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Why women are dropping out of STEM careers

Despite concerted efforts, there's one major gender gap that stems from cultural expectations, researchers found


Nicole Karlis
February 20, 2019 12:06AM (UTC)

Since the early 2000s, awareness of gender imbalances coupled with corrective efforts have helped increase the number of women working in fields previously dominated by men, including law, business, and medicine. Yet despite initiatives to actively recruit women in science, technology, engineering, and mathematics (STEM) careers, the gender gap in STEM persists — and interestingly, it appears that the cultural expectations for women who become parents might be affecting the quest for equality.

In an effort to understand why women still underrepresented in STEM fields, researchers studied parenthood and how it affects the American workforce. A majority of the American workforce will become parents during their working lives. As suspected, researchers found that new mothers are more likely to leave full-time STEM jobs than new fathers after the birth or adoption of their first child.

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Co-authors Erin Cech, a sociologist at the University of Michigan in Ann Arbor, and Mary Blair-Loy, the founding director of the Center for Research on Gender in the Professions at the University of California, San Diego, analyzed an eight-year longitudinal sample of STEM professionals in the United States. Using the data from the sample, the authors examined the career paths of new parents compared to their childless peers. The analysis concluded that considerable attrition occurs for new mothers. After four to seven years of the birth or adoption of a first child, 43 percent of women left their full-time STEM jobs, compared to 23 percent of new fathers.

The authors state that the reasons vary as to why more women than men leave their full-time STEM jobs, but relate to stereotypical gender roles that are upheld and perpetuated by mainstream society.

“As we note in the paper, although fathers are taking on a greater role in childrearing now than in generations past, mothers still shoulder — and are culturally expected to shoulder — the lion’s share of childcare responsibilities,” Cech, one of the study’s authors, told Salon in an email. ”This is true even among couples where women have full time and demanding professional jobs.”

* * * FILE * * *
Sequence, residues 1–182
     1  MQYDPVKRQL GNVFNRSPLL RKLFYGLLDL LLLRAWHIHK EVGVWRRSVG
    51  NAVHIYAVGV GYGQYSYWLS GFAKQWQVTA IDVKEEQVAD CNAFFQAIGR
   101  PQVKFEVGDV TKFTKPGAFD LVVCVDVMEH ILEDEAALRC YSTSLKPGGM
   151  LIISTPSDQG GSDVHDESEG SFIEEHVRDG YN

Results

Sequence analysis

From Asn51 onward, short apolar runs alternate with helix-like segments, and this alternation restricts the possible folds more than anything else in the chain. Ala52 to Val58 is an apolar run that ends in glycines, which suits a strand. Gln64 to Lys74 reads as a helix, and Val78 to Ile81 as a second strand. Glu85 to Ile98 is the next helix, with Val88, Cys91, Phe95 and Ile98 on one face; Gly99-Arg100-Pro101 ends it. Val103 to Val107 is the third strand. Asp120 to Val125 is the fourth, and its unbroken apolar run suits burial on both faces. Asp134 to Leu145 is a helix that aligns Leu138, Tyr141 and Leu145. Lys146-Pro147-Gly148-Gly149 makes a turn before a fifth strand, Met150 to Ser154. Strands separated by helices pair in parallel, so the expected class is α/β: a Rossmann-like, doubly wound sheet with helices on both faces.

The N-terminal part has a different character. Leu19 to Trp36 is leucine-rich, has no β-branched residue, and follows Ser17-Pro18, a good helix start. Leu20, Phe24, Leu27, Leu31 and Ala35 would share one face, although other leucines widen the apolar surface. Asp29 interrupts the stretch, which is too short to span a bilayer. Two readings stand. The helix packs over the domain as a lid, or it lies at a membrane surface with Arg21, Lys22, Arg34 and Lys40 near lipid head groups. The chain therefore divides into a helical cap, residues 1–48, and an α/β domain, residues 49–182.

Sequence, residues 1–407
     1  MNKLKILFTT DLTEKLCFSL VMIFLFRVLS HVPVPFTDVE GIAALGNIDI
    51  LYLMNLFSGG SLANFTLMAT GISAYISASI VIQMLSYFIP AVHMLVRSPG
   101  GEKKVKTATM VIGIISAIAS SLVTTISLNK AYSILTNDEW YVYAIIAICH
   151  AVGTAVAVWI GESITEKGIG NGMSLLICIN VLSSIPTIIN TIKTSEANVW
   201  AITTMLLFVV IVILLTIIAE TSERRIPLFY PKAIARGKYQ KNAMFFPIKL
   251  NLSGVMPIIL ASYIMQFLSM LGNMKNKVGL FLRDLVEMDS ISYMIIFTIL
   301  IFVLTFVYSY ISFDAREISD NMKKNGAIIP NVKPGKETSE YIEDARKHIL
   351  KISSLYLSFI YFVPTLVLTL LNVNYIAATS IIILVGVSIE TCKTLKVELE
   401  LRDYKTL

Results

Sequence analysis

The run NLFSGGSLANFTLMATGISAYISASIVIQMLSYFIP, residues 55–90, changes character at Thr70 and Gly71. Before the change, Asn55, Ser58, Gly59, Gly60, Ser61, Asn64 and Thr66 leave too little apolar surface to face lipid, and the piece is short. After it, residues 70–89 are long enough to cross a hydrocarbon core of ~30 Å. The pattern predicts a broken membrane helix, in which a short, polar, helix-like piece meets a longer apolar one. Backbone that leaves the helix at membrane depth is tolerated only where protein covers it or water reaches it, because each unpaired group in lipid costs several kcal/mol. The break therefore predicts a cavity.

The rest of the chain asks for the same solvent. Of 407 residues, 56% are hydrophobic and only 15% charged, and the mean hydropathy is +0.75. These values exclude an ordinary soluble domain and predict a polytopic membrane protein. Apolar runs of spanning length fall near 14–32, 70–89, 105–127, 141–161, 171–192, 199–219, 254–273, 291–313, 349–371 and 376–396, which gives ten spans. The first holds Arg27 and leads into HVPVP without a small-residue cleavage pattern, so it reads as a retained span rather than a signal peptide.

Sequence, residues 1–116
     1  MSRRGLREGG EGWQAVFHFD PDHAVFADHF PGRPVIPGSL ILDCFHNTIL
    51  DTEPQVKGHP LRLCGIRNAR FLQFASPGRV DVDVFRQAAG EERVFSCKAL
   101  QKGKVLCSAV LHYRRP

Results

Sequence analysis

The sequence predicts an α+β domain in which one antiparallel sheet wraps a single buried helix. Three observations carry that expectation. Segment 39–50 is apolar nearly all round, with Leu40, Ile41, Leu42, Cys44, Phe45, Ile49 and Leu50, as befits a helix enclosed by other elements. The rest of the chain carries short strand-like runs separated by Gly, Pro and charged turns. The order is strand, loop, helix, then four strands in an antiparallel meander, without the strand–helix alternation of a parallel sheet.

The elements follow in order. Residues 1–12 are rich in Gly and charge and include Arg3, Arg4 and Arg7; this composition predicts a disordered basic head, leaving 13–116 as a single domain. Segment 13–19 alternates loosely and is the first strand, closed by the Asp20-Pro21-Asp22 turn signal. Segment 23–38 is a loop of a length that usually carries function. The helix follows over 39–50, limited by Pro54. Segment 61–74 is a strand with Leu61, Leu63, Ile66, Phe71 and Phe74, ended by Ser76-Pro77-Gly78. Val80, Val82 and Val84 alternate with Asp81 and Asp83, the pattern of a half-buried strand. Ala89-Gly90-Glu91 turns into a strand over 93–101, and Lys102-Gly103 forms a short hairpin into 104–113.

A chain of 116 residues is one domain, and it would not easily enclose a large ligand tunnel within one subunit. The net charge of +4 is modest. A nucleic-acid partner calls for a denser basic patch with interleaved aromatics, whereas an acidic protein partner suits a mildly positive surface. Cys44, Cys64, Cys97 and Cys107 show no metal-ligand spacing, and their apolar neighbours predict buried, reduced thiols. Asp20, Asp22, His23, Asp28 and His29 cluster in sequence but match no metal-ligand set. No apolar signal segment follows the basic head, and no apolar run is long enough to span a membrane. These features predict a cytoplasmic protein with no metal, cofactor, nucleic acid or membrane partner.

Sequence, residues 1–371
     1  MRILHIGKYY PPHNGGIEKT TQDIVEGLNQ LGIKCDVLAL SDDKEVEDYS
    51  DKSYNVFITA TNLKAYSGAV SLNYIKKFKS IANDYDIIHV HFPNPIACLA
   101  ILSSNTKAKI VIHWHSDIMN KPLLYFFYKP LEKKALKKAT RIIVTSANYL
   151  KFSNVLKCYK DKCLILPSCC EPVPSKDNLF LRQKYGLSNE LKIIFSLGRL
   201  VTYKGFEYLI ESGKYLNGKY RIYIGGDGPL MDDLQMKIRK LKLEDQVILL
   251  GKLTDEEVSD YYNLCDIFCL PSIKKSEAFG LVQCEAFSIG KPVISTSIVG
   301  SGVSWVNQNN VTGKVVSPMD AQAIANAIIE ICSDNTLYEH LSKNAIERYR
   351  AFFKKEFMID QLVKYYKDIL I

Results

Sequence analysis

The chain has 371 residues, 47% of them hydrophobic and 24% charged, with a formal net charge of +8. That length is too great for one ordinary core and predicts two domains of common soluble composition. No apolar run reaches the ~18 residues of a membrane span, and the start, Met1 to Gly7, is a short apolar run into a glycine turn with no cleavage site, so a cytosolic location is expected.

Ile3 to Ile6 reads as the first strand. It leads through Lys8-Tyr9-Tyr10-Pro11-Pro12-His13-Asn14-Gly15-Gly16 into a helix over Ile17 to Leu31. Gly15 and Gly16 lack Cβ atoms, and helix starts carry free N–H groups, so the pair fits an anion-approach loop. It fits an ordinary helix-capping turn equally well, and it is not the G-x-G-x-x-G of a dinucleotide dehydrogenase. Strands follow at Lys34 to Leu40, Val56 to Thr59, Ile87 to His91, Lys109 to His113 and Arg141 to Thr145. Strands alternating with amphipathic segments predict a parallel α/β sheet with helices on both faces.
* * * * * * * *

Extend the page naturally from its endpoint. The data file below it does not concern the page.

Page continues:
However, the authors emphasized that parenthood is not only a “mother’s problem,” since the rate at which men leave is also notable. In other words, parenthood is a barrier for everyone who works in STEM.

“The difficulty that these professionals may face in balancing caregiving responsibilities with full-time STEM employment suggests that this issue is a concern for the STEM workforce broadly and not just for the retention of women,” the authors state in the study, which was published in in the journal Proceedings of the National Academy of Sciences. “Thus, scholarly and policy literature framing childrearing responsibilities as solely a women’s problem is short-sighted.”

The path for new mothers who leave their full-time jobs also varies. According to study, based on the data analyzed, 11 percent of new mothers switched to part-time STEM work by 2010. At first glance, this might seem reasonable, but the authors explain there are pitfalls for part-time work.

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“Although part-time jobs retain new mothers in STEM in some capacity, they have several disadvantages: they typically pay substantially less per hour than full-time work, are less likely to be accompanied by benefits like healthcare, and less likely to provide advancement opportunities,” the authors state.

Cech said this finding is a problem not only for those who work in STEM, but for the future of its work, too.

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“These patterns suggest a roadblock in women’s career advancement that their men colleagues do not face to the same degree,” Cech said, adding that the departure of these women is a loss for scientific advancement. “Their departure means a loss of knowledge and expertise from STEM that is disadvantageous for innovation and scientific inquiry.”

Leslie Field, PhD, Founder, Board Chair and CTO of Ice911, a climate change nonprofit, told Salon she left her full-time engineering job to start her own consulting firm, partly to give her more flexible hours as a parent. She agreed that when these fields don’t provide new mothers with flexibility in their work, it is not only a barrier for the industry, but for the future of the work in the field, too.

“I think on things like climate change, women bring a gut-level deeper understanding,” she said. "I think we bring a little different perspective that is really helpful, when you’re setting up teams and collaborating, you want the multiple views in the room.”

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Nicole Karlis

Nicole Karlis is a news writer at Salon. She covers health, science, tech and gender politics. Tweet her @nicolekarlis.

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